Haggor is worried that someone will call for backup, and sprints to the end of the hall, preparing to bar the front door—he sees that it’s in poor repair after the ogres fought their way in, so a bar will be only a temporary solution. However, he doesn’t have much time to contemplate, as Balekh tosses a torch down the hall behind him and Shayliss unleashes a conflagration magic that causes it to bloom into a vast cloud of choking smoke. Haggor is now cut off from the rest of the party by a hundred feet of smoke, and enemies that intended to pour down the hallway take another path and spy a half-orc standing at their front door. He turns to face two frost wights, four skeletal archers, and three ogres as the rest of the party forms up to eliminate anything that might come out of the smoke.

What follows is a minute of sheer chaos, as arrows and spells fly past Taeva, Vale, and Kibb holding the front line, each seeking out terrible faces that appear from the magical smoke. The party can sometimes hear the sound of Haggor, distant, fighting in between cursing at Balekh for stranding him. Finally, the party clears the last of the oncoming horde, and Balekh and Kibb charge through the smoke to help Haggor as the rest of the group moves carefully to clear any remaining rooms. When Balekh finally struggles out of the smoke of his own devising, he finds Kibb with a skeleton’s head in his jaws and Haggor standing on the corpses of three ogres and a half-dozen former rangers, none the worse for wear save for frostbitten fists. He is staring, annoyed, at Kibb for snatching the last of the enemies. For his part, Balekh simply asks why Haggor was complaining since he was obviously fine. Balekh troops forward past Haggor’s scowl and arcane locks the front door.

The smoke clears, the party confirms that there are no more enemies in the abattoir that used to be a fort. Balekh patches them up, and they head to the second floor. Taeva again slips forward, and spies a mighty ogre creating grisly taxidermy in the desecrated ranger’s temple. Rather than risk being noticed again, they dash through the door, barely giving the warchief of the Kreegs time to begin raging. The assault is brutal and fast, with the ogre barely getting a swing in, but, just before he falls, Balekh moves into range and the terrible beast takes two swings, carving the theurge’s chest open with an X. Jaagrath slumps to the floor shortly after Balekh.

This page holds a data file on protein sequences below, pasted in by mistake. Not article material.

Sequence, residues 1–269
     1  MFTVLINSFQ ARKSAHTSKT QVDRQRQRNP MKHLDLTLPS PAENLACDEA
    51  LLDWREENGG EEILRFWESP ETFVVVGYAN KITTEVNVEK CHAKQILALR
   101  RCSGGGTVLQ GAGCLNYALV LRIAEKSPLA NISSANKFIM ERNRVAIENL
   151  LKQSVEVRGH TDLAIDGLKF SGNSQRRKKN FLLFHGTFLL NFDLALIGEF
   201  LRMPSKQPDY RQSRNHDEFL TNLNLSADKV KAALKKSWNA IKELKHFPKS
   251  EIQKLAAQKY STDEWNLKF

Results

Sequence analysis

Haggor rushes forward to shove a healing potion down Balekh’s throat, and just as he’s groggily sitting up, the rangers in the hall call attention to another door opening. They can make out the features of a woman who must be Lucrecia. She bears a striking family resemblance to Xanesha even before she flickers out of her human guise into a towering snake-woman. Unfortunately, she is not nearly as prepared for a fight as her sister, and the furious onslaught of a hasted party makes every action a delaying tactic. Haggor smashes her over and over, Taeva bounces all over the room, never allowing her free of flanking, and magic and arrows rains through the door into the chamber she took over from the leader of the rangers. She falls without doing anything to seriously threaten the party, and Rannick is all but reclaimed.